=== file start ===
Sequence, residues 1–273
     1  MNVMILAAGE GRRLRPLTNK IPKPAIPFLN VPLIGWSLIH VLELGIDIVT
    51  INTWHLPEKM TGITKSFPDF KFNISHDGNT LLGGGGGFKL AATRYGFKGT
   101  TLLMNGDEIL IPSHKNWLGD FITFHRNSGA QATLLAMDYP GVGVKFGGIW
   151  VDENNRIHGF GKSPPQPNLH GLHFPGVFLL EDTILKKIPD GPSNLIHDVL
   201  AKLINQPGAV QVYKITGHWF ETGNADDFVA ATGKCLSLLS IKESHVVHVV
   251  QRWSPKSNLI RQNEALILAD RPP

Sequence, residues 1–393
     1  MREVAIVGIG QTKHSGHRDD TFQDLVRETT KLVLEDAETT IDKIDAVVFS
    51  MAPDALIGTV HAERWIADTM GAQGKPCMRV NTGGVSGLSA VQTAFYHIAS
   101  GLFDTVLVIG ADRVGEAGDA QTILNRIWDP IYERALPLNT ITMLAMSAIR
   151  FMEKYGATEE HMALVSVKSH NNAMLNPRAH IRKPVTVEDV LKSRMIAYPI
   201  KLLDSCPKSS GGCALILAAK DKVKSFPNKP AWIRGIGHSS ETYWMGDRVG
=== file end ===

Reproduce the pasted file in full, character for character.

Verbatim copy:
Sequence, residues 1–273
     1  MNVMILAAGE GRRLRPLTNK IPKPAIPFLN VPLIGWSLIH VLELGIDIVT
    51  INTWHLPEKM TGITKSFPDF KFNISHDGNT LLGGGGGFKL AATRYGFKGT
   101  TLLMNGDEIL IPSHKNWLGD FITFHRNSGA QATLLAMDYP GVGVKFGGIW
   151  VDENNRIHGF GKSPPQPNLH GLHFPGVFLL EDTILKKIPD GPSNLIHDVL
   201  AKLINQPGAV QVYKITGHWF ETGNADDFVA ATGKCLSLLS IKESHVVHVV
   251  QRWSPKSNLI RQNEALILAD RPP

Sequence, residues 1–393
     1  MREVAIVGIG QTKHSGHRDD TFQDLVRETT KLVLEDAETT IDKIDAVVFS
    51  MAPDALIGTV HAERWIADTM GAQGKPCMRV NTGGVSGLSA VQTAFYHIAS
   101  GLFDTVLVIG ADRVGEAGDA QTILNRIWDP IYERALPLNT ITMLAMSAIR
   151  FMEKYGATEE HMALVSVKSH NNAMLNPRAH IRKPVTVEDV LKSRMIAYPI
   201  KLLDSCPKSS GGCALILAAK DKVKSFPNKP AWIRGIGHSS ETYWMGDRVG